will not drop when we compute your final course
grade. (In practice, the effect of this penalty is about half
of a letter grade.)
- The default penalty for cheating on an exam is a grade of
zero on the entire exam, which we will not
drop when we compute your final course grade. (In practice,
the effect of this penalty is roughly two full letter grades.)
The penalty for a second offense of any kind, or a
particularly egregious first offense, is an F in the course.
Groups of up to three people are allowed
to submit a single solution for each homework. Every member of
the group receives the same grade and the same credit for the
entire assignment. That means every member of the group is
responsible for the entire assignment.
Group solutions must represent an honest
collaborative effort by all members of the group. In
particular, groups must not delegate one problem to
each group member; only the students who actively worked on a
problem may add their names to the solution.
At a minimum, you must read, understand, and approve anything
submitted with your name on it. Allowing someone else to add
your name to a solution to which you made no contribution is
This does not mean that every student in a group must contribute
good ideas or must help in the actual writing of
every group solution. Asking "stupid" questions, proposing bad
ideas, shooting down bad ideas, working out examples (even if they
don't appear in the solution), uncovering bugs, and even just
acting as a sounding board for other group members are all
If a submitted homework contains plagiarized material, we will
separately determine each student's culpability (if any) and
penalty (if any), in accordance with
Code. By default, every member of the homework group will
be given the same penalty. (Again, this is the same standard
that is applied to coauthors of research papers.) If you cheat,
you are not only endangering your grade, and possibly your
academic career, but your colleagues’ as well.
As illustrations, consider the following scenarios. All scenarios
involve a group of three students (A, B, and C) collaborating on a
three-problem homework set, who argee in advance that each student
will write up and submit the solution for one problem — A will
handle problem 1, B will handle problem 2, and C will handle
problem 3 — with all three names at the top. Variants of all
these scenarios have actually happened. Yes, even the last two.
Each student writes up a complete solution for their
problem, in their own words and properly citing of all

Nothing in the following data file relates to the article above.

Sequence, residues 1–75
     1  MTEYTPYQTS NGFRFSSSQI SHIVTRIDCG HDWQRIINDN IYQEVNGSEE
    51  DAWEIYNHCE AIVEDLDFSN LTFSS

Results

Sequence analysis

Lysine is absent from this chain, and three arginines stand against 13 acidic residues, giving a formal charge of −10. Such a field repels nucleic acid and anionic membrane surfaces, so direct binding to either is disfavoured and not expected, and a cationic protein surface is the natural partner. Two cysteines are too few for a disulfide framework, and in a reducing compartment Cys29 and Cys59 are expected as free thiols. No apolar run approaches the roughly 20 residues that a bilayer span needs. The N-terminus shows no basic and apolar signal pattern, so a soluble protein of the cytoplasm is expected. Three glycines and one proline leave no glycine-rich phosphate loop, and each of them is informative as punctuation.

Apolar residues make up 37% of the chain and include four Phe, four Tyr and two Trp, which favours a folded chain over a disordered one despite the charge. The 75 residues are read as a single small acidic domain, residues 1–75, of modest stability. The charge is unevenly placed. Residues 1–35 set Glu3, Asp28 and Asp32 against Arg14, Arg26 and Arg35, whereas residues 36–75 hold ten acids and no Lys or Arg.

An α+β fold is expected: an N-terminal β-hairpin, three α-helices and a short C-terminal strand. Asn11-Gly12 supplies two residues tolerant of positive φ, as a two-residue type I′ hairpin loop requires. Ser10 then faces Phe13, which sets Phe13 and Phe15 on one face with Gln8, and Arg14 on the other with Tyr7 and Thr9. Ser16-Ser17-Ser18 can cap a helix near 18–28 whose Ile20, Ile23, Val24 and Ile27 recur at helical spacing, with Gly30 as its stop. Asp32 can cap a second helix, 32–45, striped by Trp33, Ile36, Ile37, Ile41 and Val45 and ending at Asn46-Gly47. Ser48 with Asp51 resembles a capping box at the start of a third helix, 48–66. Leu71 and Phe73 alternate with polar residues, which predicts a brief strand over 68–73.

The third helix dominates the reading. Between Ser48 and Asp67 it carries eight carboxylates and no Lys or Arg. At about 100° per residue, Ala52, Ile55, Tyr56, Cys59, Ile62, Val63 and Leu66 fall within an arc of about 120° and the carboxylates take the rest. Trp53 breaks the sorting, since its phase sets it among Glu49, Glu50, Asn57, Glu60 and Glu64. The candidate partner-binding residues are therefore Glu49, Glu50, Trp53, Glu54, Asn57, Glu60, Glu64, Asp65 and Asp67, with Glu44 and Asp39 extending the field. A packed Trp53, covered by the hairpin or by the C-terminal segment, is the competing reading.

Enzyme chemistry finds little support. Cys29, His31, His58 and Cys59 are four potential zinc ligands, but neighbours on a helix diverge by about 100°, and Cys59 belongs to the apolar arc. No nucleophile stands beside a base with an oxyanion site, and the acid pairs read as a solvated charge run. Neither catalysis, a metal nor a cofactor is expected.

sources, but with no involvement from the other group members.
The students then email their solutions to each other; after
some discussion, everyone agrees to submit all three solutions
exactly as written. Each student submits the solution they
wrote, with all three names at the top.
All three group members first discuss and jointly work out
sketches of solutions for all three problems. Then each
student writes a detailed solution to their individual
problem, in their own words and properly citing all sources.
With no further discussion, each student submits the solution
they wrote, with all three names at the top.
Each student writes up a complete solution for their
problem, in their own words and properly citing of all
sources, but with no involvement from the other group
members. With no further discussion, each student submits
the solution they wrote, with all three names at the top.
All three students are guilty of plagiarism and would
receive an undroppable zero on the entire homework set.
- All three group members first discuss and jointly work
out sketches of solutions for all three problems. Student A
later finds a solution to problem 1 on the web and submits it
without proper citation, with all three names, with no further
discussion with B and C. Students B and C independently write
up solutions to their problems, properly citing all sources,
and submit them with all three names, with no further
Student A is guilty of plagiarism and would receive an
undroppable zero on the entire homework set. Students B and
C followed the rules; their problem 1 would be
Student B finds a solution to problem 2 on the web and
submits it verbatim with all three names at the top of the
first page, as the group agreed. A and C had no knowledge
of student B's plagiarism, and no other involvement in
solving problem 2. Students A and C collaborate on
problems 1 and 3, with no involvement from student B, and
submit a properly written solution with all three names,
as they had agreed.
All three students are guilty of plagiarism, although for
different reasons. All three students would receive an
undroppable zero on the entire homework set.
The solution for problem 3 is a verbatim copy of another
source. Immediately after submitting the homework, but
before the plagiarism is discovered, all three students drop
the course. None of the students responds to the initial
charge of plagiarism or to repeated emails from the
instructor asking to discuss the situation.
All three students are guilty of plagiarism. An academic
integrity infraction is added to their permanent records
even though they dropped the course.
All three group members discuss and jointly work out
sketches of solutions for all three problems. Student A
later finds a solution to problem 3 on the web and emails
the text (copied verbatim) to student C, with a clear
citation to the original source. Student C copies the
text of student A's email verbatim into his solution,
without consulting or citing the original source, under
the mistaken belief that the text is student A's own work.
All three students submit their respective solutions with
all three names at the top, with no other involvement by
the other group members.
Student C is technically guilty of plagiarism, but they
would probably receive only a warning. Problem 3 would
be forgiven for
all three students.
Each student writes up a complete solution for their
problem, with no involvement from the other group members.
A and C write their solutions in their own words, properly
citing all sources, but B copies their solution verbatim
from another source. B and C email their solutions to the
entire group. A does not respond to B and C's email or send
their own solution. After some discussion (without A),
B and C agree to submit their solutions exactly as
written, with only B and C named on the first page. B never